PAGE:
3. On the other hand, the learned counsel for respondent No.1 submitted that respondent No.1 was indeed residing at Islamabad, and therefore, the learned Judge Family Court, Islamabad, did have the jurisdiction over the matter; that respondent No.1, as a citizen of AJ&K could take the benefit of Rule 6 of the West Pakistan Family Courts Rules, 1965; that the benefit of the said rule is also extended to the citizens of AJ&K; that a writ petition is not maintainable against an interim order passed by the learned Judge Family Court, Islamabad. The learned counsel for respondent No.1 prayed for the dismissal of the instant writ petition.

4. I have heard the contentions of the learned counsel for the contesting parties and have perused the record with their able assistance.

5. The record shows that on 08.08.2007, the petitioner and respondent No.1 got married. Subsequently, over the years, the relations between the couple turned sour. On 10.07.2015, respondent No.1 instituted a suit for dissolution of marriage on the basis of Khula before the Court of the learned Civil Judge, Islamabad. On 14.03.2016, the petitioner filed an application under Sections 1(2) and 5 of the West Pakistan Family Courts Act, 1964 read with Rule 5 of the West Pakistan Family Courts Rules, 1965, praying for the return of the plaint on the ground that both the petitioner and respondent No.1, were permanent residents of Tehsil Rawalakot, District Poonch, AJ&K, and that their marriage was also solemnized over there. The petitioner was of the view that only the courts in Tehsil Rawalakot, had the jurisdiction to adjudicate upon the suit for dissolution of marriage. Respondent No.1 resisted this application on the ground that respondent No.1 was residing at Islamabad, and that under the provisions of the West Pakistan Family Courts Rules, 1965, she could institute a suit for dissolution of marriage at Islamabad.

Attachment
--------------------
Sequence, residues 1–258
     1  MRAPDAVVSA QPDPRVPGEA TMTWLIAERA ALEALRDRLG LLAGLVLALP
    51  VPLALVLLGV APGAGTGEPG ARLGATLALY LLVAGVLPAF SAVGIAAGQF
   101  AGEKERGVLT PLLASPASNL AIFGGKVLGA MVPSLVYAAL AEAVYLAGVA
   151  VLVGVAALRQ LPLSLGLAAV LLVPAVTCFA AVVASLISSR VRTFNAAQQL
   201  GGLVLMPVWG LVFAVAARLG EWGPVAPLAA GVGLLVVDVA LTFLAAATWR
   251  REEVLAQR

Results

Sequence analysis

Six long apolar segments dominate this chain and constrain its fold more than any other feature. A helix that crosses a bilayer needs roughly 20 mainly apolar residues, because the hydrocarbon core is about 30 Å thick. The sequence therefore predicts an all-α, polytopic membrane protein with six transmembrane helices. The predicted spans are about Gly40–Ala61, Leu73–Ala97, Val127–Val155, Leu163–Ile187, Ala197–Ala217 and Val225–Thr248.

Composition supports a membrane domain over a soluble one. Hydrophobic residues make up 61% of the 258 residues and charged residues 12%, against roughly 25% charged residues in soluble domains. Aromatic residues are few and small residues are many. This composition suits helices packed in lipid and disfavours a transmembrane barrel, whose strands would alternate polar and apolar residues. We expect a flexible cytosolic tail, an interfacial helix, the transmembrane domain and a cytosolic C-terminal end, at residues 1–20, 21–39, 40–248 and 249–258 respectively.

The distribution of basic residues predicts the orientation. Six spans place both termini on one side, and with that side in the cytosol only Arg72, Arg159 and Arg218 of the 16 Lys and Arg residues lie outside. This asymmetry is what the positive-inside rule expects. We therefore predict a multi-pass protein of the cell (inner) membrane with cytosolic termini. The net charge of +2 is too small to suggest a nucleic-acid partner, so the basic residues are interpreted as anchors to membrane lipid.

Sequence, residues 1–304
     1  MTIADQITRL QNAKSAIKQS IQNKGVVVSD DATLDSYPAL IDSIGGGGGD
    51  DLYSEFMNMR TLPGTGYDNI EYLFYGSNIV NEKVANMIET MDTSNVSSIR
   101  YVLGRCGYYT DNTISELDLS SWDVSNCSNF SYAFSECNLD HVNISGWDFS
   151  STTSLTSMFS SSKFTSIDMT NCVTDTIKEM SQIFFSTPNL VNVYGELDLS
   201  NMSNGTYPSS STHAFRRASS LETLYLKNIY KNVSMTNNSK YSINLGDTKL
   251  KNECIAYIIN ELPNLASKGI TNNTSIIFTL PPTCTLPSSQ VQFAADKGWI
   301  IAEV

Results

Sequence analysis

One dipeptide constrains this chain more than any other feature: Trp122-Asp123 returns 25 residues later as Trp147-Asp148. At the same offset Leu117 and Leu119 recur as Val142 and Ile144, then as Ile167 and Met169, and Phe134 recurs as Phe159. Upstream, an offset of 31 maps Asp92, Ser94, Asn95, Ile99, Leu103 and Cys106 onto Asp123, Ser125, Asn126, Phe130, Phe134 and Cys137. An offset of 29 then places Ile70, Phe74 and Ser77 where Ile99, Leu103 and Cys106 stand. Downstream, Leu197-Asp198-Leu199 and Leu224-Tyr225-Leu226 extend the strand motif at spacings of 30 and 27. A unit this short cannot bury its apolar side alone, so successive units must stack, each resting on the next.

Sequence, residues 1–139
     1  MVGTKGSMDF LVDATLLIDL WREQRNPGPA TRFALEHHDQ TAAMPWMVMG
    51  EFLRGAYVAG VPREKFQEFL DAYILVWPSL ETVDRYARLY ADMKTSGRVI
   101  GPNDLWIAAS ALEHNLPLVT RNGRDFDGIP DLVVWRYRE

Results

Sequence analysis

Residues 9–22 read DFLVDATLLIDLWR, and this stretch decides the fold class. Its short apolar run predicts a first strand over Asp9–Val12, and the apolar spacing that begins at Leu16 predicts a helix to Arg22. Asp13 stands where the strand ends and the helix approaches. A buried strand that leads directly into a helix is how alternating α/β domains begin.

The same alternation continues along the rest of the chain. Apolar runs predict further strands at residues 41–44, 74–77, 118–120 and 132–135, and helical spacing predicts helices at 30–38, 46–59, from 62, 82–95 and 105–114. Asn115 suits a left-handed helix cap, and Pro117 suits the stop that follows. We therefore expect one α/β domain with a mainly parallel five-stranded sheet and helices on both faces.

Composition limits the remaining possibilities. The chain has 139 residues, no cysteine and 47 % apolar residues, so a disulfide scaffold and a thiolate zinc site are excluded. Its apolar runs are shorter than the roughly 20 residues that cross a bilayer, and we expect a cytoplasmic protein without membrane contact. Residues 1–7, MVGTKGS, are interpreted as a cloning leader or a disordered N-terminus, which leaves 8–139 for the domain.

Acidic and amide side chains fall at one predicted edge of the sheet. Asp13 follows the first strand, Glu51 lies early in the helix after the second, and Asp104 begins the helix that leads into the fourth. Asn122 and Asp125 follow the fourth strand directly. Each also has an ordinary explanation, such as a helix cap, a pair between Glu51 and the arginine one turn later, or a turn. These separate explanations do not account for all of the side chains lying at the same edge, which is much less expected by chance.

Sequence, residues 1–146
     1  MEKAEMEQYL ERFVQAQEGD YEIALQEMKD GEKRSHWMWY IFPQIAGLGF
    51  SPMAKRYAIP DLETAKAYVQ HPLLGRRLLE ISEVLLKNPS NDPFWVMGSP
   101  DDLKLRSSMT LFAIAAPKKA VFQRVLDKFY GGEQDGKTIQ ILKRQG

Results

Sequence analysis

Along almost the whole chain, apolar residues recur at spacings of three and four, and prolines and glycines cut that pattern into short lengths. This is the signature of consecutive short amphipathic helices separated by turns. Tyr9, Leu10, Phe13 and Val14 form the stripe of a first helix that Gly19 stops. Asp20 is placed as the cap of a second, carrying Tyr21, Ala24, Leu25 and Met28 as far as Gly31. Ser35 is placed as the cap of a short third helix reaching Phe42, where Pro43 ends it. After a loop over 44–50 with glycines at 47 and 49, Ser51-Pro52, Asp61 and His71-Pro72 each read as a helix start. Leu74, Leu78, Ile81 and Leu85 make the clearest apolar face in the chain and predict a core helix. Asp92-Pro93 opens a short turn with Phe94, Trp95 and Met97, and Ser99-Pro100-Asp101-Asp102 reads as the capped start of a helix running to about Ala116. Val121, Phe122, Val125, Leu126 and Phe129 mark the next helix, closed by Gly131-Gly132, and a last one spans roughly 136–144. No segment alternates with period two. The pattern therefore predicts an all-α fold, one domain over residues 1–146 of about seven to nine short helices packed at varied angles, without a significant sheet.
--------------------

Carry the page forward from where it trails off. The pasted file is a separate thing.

6. As mentioned above, vide the order dated 31.03.2016, the learned Judge Family Court, Islamabad, dismissed the petitioner’s application for return of plaint, and fixed the matter for filing of the written statement.

7. Rule 6 of the of the West Pakistan Family Courts Rules, 1965, provides that the Courts which have the jurisdiction to try a suit, will be that within the local limits of which (a) the cause of action wholly or in part has arisen, or (b) where the parties reside or last resided together. According to the proviso of the said Rule, in suits for dissolution of marriage or dower, the Court within the local limits of which the wife ordinarily resides shall also have jurisdiction. Now the vital question that needs to be answered is whether the benefit of the proviso to the said Rule 6 can be extended to a plaintiff who is the citizen of AJ&K.